Thanks to court secrecy, the investigation into these tires by the National Highway Traffic Safety Administration may have been delayed and may have resulted in other injuries. While the investigation is still ongoing into these tires, it’s an example of when court systems’ secrecy has the potential to cause harm to individuals because of defect products.

Many companies request court proceedings and documents to be kept confidential during legal proceedings to protect their businesses—but in some cases this may be to keep news of defective products from reaching the larger public and causing a product recall. Recalls are serious matters for companies, often costing them not only financial cost but positive brand recognition. Smaller companies often can’t overcome the costs of a recall.

As a result, it’s no surprise that some companies will do whatever it takes to prevent a costly recall and using whatever resources are available to do that. The court system is playing an unlikely resource for businesses to prevent recalls from happening thanks to rules that allow companies to bar public access from court documents.

Did you overpay for video production services?

The Department of Justice is opening up a number of investigations into alleged video production and video post-production bid-rigging and price-fixing. According to the Wall Street Journal, a number of companies are under investigation for potentially inflating the prices of third-party contractors in order to route work to their own growing in-house production teams. While there have not yet been any companies named, most of the largest advertising agencies have their own in-house production teams.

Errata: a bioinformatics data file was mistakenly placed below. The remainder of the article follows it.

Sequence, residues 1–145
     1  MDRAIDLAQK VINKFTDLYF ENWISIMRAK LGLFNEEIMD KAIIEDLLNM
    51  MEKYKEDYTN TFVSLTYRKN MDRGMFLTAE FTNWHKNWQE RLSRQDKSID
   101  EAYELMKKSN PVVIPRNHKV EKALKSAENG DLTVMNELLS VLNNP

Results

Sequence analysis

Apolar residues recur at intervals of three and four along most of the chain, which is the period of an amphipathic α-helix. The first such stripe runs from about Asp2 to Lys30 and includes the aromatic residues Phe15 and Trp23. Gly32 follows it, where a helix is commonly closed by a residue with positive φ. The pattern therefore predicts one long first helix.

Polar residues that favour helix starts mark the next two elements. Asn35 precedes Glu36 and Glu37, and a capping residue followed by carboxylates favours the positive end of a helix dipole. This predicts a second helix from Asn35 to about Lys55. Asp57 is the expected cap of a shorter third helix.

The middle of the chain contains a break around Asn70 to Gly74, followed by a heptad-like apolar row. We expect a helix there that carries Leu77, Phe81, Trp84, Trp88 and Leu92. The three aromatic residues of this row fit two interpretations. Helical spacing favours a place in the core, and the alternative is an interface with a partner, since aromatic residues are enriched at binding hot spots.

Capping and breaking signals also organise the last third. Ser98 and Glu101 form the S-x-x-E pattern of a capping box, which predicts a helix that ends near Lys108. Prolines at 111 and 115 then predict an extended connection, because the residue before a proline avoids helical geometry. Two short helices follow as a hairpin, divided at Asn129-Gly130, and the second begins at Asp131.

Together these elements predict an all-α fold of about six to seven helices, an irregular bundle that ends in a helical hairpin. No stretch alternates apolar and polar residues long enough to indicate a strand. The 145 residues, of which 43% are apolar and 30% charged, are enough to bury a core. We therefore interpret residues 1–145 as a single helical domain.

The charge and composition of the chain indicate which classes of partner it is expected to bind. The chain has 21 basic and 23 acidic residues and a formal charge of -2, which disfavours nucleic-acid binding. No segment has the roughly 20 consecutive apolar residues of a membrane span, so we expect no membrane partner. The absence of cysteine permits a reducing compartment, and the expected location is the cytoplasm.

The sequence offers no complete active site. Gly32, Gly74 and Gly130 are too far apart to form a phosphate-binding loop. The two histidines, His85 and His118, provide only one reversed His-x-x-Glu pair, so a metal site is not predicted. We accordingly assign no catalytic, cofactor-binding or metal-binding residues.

We are investigating claims of bid-rigging and price-fixing that may have occurred at large ad agencies, including Interpublic Group of Cos, MDC Partners, Publicis Groupe SA, Omnicom Group Inc., or WPP PLC.

Advertising is a suffering industry, the Wall Street Journal explains, and in June a report from the Association of National Advertisers found during seven-month probe that found nontransparent business practices were leading towards clients being taken advantage of by struggling ad agencies. As well, the AICE, a trade group that represents independent post production companies, released a statement accusing ad companies of using unfair business practices to keep their own postproduction studios rolling.